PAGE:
The second perek of Mikvaot begins by discussing doubts related to whether one immersed in a valid mikveh. The second Mishnah also includes a case where the Mishnah was measured and found to be too small. The Mishnah rules that any tameh objects that were immersed in that mikveh are retroactively considered tameh.
Despite the fact that in all the cases where there is only a doubt whether the immersion was invalid, the Mishnah rules that it is irrelevant whether the doubt arose in a private of public domain. Recall, that previously we learnt that doubts regarding tumah that originate in the public domain are treated leniently. The Bartunera explains that we ruled leniently in those cases since there was doubt whether the item became tameh. Here however the item was already tameh and there is a doubt whether it became tahor. Consequently, since the person or item has a chazakah (established and presumed status) of tumah, it endures in the case of a doubt. The Tifferent Yisrael adds that because of this difference, it is different to the case of Sotah from which the leniency of reshut harabim is derived.
The Mishnah continues with a debate regarding the scope of this rule. The Chachamim maintain that this rule only applies for tumah chamurah. According to the Bartenura this refers to an av ha’tumah whose source is from the Torah. For tumah kala, lighter forms of tumah,the ruling would be tahor. R’Yossi however disagrees arguing that in both cases the ruling is tameh. How do we understand the debate?
The Bartunera explains that while the Chachamim were lenient in the case of doubt regarding rabbinic forms of tumah, R’ Yossi argues that the chazaka endures even in these cases.
Returning now to the original ruling. Rashi (Gittin 31b) explains that not only are the keilim that were immersed in the mikveh tameh, but also those taharot and terumah that came into contact with those keilim are tameh as well. Indeed, the language of the Mishnah appears to imply this conclusion since it explains “all the taharot” are tameh (and not simply “all the keilim”).
The following question is posed on the opinion of Rashi. We undersant that the kli is considered tameh since it has a chazak that it was tameh. The taharot however had a chezkat tahara. It should follow that all the taharot should be tahor.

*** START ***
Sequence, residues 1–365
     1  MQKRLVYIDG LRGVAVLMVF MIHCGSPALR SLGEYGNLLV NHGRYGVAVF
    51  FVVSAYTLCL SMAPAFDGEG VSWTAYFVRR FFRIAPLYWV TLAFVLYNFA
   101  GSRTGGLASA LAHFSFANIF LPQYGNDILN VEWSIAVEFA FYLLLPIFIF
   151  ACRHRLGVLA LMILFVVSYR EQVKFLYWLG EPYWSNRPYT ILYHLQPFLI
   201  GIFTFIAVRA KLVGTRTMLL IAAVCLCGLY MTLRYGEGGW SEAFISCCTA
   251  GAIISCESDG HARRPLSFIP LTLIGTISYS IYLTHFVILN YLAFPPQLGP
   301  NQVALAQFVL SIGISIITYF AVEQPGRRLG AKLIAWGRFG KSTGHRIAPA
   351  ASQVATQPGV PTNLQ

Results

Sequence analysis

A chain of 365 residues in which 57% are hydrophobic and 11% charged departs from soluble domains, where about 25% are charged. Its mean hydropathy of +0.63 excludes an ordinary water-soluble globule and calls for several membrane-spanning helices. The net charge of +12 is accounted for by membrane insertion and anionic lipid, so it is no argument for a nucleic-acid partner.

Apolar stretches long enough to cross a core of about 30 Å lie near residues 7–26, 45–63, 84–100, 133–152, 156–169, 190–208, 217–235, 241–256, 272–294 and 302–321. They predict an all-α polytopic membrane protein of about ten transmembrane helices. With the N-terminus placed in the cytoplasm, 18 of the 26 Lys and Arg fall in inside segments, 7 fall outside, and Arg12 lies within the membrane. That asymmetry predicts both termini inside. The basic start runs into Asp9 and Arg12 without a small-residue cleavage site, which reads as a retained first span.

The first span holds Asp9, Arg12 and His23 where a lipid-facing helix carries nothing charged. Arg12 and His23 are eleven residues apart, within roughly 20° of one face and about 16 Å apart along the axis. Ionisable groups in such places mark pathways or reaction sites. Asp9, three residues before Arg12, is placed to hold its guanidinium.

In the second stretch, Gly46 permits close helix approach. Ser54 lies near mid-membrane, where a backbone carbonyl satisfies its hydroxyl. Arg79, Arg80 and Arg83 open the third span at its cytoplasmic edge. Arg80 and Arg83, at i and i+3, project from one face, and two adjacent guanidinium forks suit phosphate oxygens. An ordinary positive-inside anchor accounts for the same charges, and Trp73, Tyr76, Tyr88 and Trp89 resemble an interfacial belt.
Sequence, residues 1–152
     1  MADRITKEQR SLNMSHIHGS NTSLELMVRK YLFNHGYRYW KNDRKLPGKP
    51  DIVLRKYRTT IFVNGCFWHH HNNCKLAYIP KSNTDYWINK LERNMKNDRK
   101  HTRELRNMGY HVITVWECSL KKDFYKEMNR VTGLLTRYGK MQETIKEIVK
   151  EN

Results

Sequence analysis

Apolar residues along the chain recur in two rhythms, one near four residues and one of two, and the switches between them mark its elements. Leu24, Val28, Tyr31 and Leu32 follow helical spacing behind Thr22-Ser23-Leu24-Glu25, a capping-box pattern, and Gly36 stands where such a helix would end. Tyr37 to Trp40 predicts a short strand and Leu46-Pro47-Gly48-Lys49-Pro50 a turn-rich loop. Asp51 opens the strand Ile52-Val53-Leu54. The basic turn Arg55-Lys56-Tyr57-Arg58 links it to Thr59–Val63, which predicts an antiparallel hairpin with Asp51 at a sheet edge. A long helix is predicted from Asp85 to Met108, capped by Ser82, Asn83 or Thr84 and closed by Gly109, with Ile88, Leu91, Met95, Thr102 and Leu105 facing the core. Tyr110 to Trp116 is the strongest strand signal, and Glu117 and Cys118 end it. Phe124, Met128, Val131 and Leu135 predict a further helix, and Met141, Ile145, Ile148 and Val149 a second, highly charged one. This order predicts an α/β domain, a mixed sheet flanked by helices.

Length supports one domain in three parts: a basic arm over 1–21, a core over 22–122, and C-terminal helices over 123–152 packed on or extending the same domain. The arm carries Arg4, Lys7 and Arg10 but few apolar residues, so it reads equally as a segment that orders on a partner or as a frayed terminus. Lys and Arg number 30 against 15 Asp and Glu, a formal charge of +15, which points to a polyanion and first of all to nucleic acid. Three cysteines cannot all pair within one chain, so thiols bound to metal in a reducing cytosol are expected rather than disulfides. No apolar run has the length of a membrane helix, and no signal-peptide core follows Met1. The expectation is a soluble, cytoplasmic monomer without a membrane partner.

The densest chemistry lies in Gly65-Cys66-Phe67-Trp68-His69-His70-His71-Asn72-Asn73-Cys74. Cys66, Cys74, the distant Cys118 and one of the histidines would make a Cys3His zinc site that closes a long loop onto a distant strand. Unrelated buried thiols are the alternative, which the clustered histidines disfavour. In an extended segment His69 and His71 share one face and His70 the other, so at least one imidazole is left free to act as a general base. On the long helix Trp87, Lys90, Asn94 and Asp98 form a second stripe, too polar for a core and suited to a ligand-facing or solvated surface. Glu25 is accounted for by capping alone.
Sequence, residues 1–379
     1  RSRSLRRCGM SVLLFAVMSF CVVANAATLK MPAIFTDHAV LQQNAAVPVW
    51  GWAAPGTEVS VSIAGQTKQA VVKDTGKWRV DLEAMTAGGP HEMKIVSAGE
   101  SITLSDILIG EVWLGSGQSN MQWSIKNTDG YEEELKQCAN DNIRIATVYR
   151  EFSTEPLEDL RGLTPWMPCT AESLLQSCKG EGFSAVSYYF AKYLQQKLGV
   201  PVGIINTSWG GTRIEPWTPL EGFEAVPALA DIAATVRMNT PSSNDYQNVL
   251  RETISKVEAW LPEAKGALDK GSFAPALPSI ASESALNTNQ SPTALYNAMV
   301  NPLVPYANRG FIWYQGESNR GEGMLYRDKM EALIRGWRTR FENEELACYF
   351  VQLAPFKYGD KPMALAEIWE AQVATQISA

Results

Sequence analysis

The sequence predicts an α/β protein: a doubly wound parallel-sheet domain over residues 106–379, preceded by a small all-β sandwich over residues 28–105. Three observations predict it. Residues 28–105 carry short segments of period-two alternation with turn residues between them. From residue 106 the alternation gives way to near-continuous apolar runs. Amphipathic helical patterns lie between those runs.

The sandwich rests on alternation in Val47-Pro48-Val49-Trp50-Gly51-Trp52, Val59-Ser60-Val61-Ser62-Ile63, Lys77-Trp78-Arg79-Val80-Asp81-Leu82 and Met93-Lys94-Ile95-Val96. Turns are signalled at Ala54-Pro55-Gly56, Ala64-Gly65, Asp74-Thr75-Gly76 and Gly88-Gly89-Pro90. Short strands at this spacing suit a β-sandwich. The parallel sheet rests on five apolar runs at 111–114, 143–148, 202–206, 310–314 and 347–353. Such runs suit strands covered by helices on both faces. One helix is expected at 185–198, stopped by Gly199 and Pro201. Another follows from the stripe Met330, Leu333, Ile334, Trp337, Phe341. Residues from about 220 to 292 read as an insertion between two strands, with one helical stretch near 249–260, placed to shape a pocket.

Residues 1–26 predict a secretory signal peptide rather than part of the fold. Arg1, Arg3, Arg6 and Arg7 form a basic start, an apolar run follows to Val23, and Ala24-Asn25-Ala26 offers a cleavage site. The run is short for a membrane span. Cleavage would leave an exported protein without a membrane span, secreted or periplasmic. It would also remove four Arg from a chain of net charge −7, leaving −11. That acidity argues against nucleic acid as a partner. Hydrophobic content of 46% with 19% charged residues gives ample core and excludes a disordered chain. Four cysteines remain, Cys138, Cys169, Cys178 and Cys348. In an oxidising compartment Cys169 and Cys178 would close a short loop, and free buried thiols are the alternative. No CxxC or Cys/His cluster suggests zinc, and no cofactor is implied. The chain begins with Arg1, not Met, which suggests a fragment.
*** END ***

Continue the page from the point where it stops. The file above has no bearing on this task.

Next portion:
The Ritva (Eiruvin 36a) provides two answers. The Ritva explains that since the taharot definitely came into contact with the kli in question it loses its chazaka. One might explain that this is since it definitely touched the kli, it loses it chazaka since its status it tied to the status of the kli.
The Ritva brings another answer in the name of HaRam bar Shniur. He explains that we only consider the chazaka at the point of the doubt. In our case the doubt is regarding the kli and whether it was immersed properly. The chazaka there is that it was tameh and that is the only chazaka being considered.
Perhaps we can explain this answer using the concepts presented in a recent issue (Volume 12, Issue 47). Recall there were to ways to understand a ruling in a case of doubt. Either it was a simply a hanchaya – a direction in how the individual is to respond to the doubt. No decision is being made about the nature of the doubt – the matter is no clearer. Considering our example, we are still unsure as to the real status of the kil. Alternatively, the ruling is a hachra’ah – a definite decision - the kli is tameh.
We might suggest that these two understandings are behind the two opinions above. According to the second understanding, the chazaka is only relevant at the point where that doubt is. This is because we make a hachra’ah. Using our case, from that point onwards the kli is tameh and the chazakah of the taharot is irrelevant. According to the first explanation, perhaps the ruling is a hanchaya and one would therefore think that we should consider the chazaka of the taharot. The Ritva however answered that since it definitely came into contact with the kli, it lost its chazaka and its status is dependent on the kli.
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